Samhatyakaritvat: The mind is an assemblage of vasanas. An assemblage, or a group of varieties of contents, cannot be regarded as a permanent, solid entity because anything that is made up of parts is subject to disintegration and dismemberment. The inner constituents of the mind are subject to modification of pattern, and this change in the pattern of the variety of contents inside the mind is the cause of the change of personality, or individuality – or in other words, we may say the cause of what we call rebirth. A complete reconstitution of the inner contents of the mind requires a corresponding vehicle, materially, for the purpose of expressing the urges of this reconstituted mind; and this new vehicle that is manufactured, or brought into being, by the requirements of this newly constituted pattern – that is the new birth of the body.
Thus, the mind that is made up of many vasanas, or impressions, that is variegated in its nature and multifarious in the various levels of its constitution is not independent by itself. Its functions are for another purpose altogether – the purpose being transcendent to its own existence. What is the purpose? The purpose of the mind is the purpose of the universe itself. What is the purpose of the universe? Why is there evolution? Why is there change? Why is there activity? Why is there effort? The answer to these questions is also the answer to the other question: why is the mind functioning at all in the direction of objects with the energy that it receives from the purusha?
The purpose of the functions of the mind is the evolution of the individual for the attainment of perfection, which is called kaivalya or moksha. It does not act unnecessarily. It is not an aimless activity in which the mind is engaged. Even the so-called erroneous meanderings of the mind in the desert of samsara are with a purpose. The purpose is the search for that which it has lost – namely, the noumenon, the supreme purusha, the Absolute.
Every activity of every individual in any manner whatsoever, under any condition, is a movement towards the Absolute, whether it is consciously directed or otherwise. When the meaning of these movements is not consciously clear and we are helplessly, as it were, driven forward by forces of which we have no consciousness, then it becomes a blind activity, a kind of determinism reigning supreme over our heads. Many a time we are under the impression that we are unaware, pushed forward by the forces of nature. That we are unaware of the intentions of the movements of nature is a different matter altogether, but unawareness does not rule out the meaning that is hidden in these movements. The total movement of nature towards Self-realisation is inclusive of all the activities of the mind also, because the mind is a part of the universal nature in its rarefied form. Thus, the movement of the mind towards objects is a blind activity it engages itself in for the purpose of the recognition of a perfection which it has lost – not knowing, at the same time, that its movements are not compatible with the conscious intentions of the integration of being, which is its ultimate purpose.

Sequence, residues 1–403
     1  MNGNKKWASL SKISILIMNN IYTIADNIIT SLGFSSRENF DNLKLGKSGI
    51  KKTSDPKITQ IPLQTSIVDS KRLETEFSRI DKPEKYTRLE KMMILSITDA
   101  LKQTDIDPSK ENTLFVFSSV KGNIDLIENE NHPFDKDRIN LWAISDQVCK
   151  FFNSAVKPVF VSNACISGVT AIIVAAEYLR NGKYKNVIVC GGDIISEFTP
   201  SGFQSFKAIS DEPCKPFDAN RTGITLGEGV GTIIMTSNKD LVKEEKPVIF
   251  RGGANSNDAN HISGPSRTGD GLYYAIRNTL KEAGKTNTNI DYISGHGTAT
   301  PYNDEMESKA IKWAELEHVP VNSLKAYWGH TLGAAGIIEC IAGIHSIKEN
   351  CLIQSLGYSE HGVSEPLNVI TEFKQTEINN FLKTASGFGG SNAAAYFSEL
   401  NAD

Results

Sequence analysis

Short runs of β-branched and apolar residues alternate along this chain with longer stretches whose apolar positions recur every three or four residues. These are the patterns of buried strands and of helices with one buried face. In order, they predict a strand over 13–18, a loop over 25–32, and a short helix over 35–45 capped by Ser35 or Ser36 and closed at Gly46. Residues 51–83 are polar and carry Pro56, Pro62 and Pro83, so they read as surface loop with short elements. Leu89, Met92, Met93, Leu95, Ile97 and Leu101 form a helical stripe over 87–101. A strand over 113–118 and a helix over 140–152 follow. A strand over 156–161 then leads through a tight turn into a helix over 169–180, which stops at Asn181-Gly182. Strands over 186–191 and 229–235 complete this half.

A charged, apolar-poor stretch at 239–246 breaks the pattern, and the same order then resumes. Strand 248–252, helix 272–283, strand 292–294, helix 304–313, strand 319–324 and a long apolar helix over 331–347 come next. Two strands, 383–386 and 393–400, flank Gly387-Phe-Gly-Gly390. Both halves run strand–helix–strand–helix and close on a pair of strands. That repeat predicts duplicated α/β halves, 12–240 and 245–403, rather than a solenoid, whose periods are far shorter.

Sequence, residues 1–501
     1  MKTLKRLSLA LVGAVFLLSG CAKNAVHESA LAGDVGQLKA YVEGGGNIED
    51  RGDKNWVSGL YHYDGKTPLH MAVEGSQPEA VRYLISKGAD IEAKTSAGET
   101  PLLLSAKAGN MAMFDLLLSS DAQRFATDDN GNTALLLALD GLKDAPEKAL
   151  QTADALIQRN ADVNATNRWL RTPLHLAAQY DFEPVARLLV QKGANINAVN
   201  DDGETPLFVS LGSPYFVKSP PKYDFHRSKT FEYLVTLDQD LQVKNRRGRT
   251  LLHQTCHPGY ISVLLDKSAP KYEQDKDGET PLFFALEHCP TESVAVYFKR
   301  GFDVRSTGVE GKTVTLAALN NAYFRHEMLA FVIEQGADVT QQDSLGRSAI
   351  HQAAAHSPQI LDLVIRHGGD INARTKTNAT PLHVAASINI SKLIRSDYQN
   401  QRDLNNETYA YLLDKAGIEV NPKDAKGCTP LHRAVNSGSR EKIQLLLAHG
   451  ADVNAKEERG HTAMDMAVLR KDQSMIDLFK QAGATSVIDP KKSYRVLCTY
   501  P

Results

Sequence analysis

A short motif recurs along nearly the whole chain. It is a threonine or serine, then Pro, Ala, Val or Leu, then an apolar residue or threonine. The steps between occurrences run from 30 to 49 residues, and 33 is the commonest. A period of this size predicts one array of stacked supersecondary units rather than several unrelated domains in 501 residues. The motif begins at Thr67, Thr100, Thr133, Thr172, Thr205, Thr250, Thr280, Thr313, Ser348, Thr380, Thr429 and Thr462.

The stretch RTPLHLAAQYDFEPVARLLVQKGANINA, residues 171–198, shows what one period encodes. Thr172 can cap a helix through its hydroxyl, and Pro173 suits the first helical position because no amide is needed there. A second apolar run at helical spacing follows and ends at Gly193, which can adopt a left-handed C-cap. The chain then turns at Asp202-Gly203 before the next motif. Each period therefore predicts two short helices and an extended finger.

Externally and internally, the mind moves at different times according to the intensity of the pressure it receives either from the purusha or from the objects. As it was stated in the sutra, the mind is influenced by the objects on one side and the purusha on the other side. If the pressure from the purusha is more, we are religiously inclined, spiritually motivated and aspiring in noble directions. But if the pressure from the objects is more intense, then we are sensually inclined and we run after the enjoyments of the world of objects.
Hence, there is this double activity of the mind. Nevertheless, in all this that has been said about the mind, the sutra makes out that the mind is material; it is dependent – non-independent – an assemblage of groups of vasanas which are likely to be transformed at any time, which are subject to modification and are, therefore, not permanent. The mind is entirely intended for the purpose of the evolution of the individual towards the realisation of perfection in the purusha. Viśeṣadarśinaḥ ātmabhāva bhāvanānivṛttiḥ (IV.25) is the sutra which follows. The consciousness of individual self, and even the consciousness of effort of any kind, ceases when there is an awareness of the purusha as distinct from prakriti. This is a literal rendering of this sutra.